How many times has this happened: You know you have to make a big presentation, so you spend days rehearsing and organizing all your information. Then, the time comes, and — you get flustered, stammer, and mess up your facts.
The Harvard Business Review addresses this very thing, concluding that we fumble and fluster when the presentation becomes about us, and not about our audience. When we focus on how we’re doing, instead of how the presentation is benefiting our clients, is when we stumble.
The author points out that you can never be 100% prepared for all the questions you could be asked at a presentation. But you can prepare for many possible ones. It also helps the client to trust you, she says:
In setting aside the script and focusing on the client’s bottom line, instead of our own, we lay the groundwork for a long-lasting rapport. Of course, it is essential that we are well prepared and know our material cold; however, knowledge alone is insufficient. Moving away from a scripted, pundit-style, one-size-fits-all message, we will certainly make mistakes. But, the only real mistake is thinking that these slip-ups equal failure. If we focus on the audience, not ourselves, whether in a one-on-one meeting or a packed auditorium, we’ll deliver a crowd-pleasing, even praiseworthy, performance every time: because success is ultimately about connection, not perfection.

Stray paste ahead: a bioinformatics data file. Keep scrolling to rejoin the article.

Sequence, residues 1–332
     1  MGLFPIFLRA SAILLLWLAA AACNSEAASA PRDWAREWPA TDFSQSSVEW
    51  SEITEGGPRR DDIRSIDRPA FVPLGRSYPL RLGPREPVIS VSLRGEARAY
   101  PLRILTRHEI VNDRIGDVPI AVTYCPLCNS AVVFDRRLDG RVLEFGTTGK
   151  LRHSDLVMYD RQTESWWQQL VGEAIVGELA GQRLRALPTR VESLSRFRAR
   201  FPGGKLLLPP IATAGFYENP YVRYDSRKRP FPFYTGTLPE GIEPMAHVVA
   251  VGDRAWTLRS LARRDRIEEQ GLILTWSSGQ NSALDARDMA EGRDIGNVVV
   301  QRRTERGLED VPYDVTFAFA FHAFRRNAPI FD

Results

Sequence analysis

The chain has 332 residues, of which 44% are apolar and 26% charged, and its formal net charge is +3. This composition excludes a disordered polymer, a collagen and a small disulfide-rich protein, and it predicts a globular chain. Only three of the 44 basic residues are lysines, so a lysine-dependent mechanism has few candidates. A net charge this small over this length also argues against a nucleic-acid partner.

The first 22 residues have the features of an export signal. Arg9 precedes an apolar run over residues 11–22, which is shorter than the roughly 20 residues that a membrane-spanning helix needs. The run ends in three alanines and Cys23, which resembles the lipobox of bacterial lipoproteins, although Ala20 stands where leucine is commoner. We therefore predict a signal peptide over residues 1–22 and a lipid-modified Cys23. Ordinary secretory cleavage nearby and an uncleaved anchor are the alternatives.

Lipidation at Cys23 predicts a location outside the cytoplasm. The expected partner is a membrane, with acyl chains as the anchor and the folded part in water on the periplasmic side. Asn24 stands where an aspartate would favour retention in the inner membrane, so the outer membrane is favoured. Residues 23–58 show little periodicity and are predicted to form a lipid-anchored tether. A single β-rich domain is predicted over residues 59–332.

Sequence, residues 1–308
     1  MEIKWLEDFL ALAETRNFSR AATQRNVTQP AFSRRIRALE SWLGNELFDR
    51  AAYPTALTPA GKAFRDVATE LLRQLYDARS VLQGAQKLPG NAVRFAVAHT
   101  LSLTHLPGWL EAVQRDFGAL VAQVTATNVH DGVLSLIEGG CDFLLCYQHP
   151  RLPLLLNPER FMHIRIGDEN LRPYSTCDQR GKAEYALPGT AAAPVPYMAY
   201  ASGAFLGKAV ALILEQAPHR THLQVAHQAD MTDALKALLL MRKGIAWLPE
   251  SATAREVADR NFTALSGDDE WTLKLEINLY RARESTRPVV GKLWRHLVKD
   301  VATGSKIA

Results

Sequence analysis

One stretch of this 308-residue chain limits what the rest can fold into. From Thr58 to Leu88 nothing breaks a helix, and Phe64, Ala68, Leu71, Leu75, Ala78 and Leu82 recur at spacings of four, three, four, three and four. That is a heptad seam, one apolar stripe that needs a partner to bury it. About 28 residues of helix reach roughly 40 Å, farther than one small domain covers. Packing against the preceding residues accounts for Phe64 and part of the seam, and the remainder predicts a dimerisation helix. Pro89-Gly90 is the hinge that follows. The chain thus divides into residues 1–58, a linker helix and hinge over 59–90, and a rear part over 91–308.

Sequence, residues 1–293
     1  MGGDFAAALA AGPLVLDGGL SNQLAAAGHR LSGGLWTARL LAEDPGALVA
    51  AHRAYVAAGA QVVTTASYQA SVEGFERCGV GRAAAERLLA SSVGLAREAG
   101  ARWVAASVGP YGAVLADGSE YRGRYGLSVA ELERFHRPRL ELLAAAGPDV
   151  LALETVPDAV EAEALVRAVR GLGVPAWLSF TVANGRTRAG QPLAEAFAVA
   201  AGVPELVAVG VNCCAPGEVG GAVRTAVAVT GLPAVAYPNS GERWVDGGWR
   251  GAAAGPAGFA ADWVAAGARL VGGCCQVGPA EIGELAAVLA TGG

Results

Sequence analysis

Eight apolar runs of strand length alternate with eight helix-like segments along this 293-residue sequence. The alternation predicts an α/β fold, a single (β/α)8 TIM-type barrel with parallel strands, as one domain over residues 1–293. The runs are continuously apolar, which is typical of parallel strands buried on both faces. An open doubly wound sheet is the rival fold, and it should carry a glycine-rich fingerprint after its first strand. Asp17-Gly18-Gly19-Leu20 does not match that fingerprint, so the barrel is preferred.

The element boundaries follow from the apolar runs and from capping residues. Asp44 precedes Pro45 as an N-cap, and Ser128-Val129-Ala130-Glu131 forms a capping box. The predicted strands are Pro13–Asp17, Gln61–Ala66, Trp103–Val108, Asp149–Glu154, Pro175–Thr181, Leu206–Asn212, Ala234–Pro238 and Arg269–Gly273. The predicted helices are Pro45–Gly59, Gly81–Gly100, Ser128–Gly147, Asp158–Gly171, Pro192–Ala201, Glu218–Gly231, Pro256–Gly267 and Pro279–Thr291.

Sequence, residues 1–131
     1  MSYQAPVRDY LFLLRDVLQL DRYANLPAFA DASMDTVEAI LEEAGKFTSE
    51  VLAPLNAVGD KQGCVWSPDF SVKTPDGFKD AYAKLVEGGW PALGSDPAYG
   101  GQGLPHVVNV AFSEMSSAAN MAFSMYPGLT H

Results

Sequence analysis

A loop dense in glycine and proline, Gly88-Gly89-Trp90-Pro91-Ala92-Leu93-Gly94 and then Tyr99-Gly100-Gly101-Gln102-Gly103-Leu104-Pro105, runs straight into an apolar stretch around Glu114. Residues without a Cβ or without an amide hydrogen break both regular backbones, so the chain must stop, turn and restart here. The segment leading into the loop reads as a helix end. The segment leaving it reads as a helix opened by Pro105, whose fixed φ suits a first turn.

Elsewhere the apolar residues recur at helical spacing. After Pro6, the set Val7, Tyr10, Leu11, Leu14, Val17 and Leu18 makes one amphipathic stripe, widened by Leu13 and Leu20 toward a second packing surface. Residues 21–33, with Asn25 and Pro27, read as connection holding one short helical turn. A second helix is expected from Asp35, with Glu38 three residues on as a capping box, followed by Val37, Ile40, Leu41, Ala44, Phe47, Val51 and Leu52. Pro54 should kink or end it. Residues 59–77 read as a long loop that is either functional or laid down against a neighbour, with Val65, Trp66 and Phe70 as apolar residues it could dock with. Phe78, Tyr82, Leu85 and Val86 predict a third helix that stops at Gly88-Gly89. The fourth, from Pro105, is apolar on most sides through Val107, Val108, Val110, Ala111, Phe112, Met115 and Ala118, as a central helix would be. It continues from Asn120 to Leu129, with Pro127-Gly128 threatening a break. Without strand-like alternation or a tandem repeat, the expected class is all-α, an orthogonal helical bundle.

Has this ever happened to you? Have you prepared a presentation, gotten nervous, and fumbled through it? Do you have any other advice for situations such as this?